Congestion Zone Disadvantages

Written by eric novinson
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Congestion Zone Disadvantages
The purpose of the congestion zone is to reduce cars on the road. (Jupiterimages/ Images)

A city that suffers frequent traffic jams around its central business districts or most heavily used streets can set up a congestion zone to discourage drivers from using those areas during peak travel times. Cities like London already use congestion zones -- one-quarter of all jobs in London reside in the congestion zone. Charging a congestion price reduces congestion and helps pay for the city's road maintenance bills. However, congestion zones have several disadvantages.

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Sales Taxes

Setting up a congestion zone may require shoppers to pay an extra fee if they want to visit a store that lies in that zone during peak times. If nearby cities do not have congestion tolls, then shoppers may decide to visit a store in another city instead. This reduces the amount of sales tax revenue that the city collects and irritates local merchants.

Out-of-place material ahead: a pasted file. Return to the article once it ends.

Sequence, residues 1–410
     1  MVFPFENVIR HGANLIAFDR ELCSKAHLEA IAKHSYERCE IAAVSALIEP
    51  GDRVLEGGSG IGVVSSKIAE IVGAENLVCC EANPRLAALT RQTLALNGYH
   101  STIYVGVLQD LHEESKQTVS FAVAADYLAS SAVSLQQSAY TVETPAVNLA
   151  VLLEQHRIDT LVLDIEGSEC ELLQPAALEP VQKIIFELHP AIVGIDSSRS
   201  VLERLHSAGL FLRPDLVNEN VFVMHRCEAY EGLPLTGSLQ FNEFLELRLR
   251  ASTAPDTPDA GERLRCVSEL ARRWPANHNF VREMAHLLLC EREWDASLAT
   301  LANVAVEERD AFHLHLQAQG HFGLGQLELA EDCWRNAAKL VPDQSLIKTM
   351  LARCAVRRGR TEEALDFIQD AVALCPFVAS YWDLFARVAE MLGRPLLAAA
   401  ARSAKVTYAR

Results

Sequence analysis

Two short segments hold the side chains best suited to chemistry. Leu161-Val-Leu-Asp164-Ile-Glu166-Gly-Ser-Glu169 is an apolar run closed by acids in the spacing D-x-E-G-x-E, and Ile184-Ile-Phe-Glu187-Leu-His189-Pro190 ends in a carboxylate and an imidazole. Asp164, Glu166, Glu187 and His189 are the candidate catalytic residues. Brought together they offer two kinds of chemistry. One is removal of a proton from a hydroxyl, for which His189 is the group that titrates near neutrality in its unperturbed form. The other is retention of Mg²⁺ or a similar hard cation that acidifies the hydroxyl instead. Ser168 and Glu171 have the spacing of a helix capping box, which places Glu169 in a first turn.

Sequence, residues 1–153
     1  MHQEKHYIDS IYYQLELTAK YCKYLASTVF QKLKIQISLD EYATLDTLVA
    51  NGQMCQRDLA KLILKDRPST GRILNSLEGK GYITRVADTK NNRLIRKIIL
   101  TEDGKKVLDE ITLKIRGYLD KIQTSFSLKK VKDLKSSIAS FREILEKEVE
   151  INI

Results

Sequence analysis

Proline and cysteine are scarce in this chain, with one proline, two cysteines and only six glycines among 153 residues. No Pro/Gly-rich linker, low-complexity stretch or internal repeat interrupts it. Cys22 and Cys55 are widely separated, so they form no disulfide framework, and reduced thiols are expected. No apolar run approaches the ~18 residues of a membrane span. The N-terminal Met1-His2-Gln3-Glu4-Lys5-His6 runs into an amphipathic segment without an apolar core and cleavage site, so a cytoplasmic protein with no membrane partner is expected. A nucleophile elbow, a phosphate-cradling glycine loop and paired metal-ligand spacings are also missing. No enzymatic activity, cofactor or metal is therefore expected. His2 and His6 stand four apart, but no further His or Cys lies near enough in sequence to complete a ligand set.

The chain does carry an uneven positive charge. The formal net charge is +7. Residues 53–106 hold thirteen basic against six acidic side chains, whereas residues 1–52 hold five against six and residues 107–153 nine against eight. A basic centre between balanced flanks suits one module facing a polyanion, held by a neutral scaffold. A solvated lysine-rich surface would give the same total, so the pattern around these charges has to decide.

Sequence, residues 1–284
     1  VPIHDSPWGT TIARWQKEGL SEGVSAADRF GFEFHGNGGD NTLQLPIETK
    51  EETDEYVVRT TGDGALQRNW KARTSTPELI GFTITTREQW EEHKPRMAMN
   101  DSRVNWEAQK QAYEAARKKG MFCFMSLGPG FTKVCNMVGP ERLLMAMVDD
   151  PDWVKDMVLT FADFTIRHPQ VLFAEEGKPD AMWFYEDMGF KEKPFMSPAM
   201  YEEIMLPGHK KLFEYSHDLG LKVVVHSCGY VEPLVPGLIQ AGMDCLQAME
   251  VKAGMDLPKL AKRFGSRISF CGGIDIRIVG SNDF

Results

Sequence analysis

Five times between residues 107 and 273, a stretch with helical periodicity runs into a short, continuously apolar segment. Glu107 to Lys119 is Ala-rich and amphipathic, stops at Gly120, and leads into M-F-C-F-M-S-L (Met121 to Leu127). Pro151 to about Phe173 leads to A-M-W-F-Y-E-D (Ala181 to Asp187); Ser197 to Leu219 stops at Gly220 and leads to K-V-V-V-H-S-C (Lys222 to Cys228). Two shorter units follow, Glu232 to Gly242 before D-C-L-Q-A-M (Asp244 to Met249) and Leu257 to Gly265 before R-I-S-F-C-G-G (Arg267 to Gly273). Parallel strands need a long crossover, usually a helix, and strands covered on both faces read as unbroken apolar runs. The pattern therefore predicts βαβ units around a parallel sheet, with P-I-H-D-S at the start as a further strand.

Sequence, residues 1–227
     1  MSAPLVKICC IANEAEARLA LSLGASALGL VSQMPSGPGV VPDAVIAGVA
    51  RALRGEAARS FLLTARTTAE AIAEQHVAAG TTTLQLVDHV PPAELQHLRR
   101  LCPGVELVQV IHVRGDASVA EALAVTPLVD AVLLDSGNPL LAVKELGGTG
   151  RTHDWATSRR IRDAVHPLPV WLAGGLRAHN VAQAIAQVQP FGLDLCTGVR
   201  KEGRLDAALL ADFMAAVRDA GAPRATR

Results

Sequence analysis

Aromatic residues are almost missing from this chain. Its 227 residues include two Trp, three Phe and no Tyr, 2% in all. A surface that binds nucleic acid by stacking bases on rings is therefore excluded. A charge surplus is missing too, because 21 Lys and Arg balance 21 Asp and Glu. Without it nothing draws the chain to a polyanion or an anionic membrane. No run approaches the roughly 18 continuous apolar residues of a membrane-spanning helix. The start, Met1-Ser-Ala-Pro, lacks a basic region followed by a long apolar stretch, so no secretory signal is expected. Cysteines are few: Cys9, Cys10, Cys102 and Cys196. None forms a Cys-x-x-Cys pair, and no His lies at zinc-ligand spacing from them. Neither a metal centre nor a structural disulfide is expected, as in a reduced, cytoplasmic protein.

Store Prices

A local business operating within a congestion zone may raise its prices to cover the cost of the congestion toll, increasing the cost of basic necessities such as food for residents who can't easily travel to stores outside the area.


The city may decide to hand out passes that exempt its own residents from paying the toll, and require tourists, business travellers and long-haul truckers to pay the toll. For the toll to effectively reduce traffic, the city may have to charge these drivers a higher toll than it could charge if all residents were subject to the toll, according to the Brookings Institute. If residents of one suburb or district have to pay the toll and residents of a nearby area are exempt, then this may lead to resentment.


Instead of cutting air pollution, a congestion zone can increase air pollution. For example, a driver can travel 20 miles through the congestion zone and pay a congestion charge; however, because it's cheaper, the same driver might use an alternate route that circumvents the congestion zone but requires the driver to drive 40 miles. Thus, the vehicle uses up more gas and creates more pollution.

Enforcement Costs

The city incurs costs to set up the congestion zone. The city has to pay for cameras and other equipment to monitor drivers. The city also has to enforce the congestion zone, setting up toll booths and other revenue collection facilities. If a driver does not pay the congestion toll, then the city may have to pay legal costs if the driver decides to contest a fine for not paying the toll.

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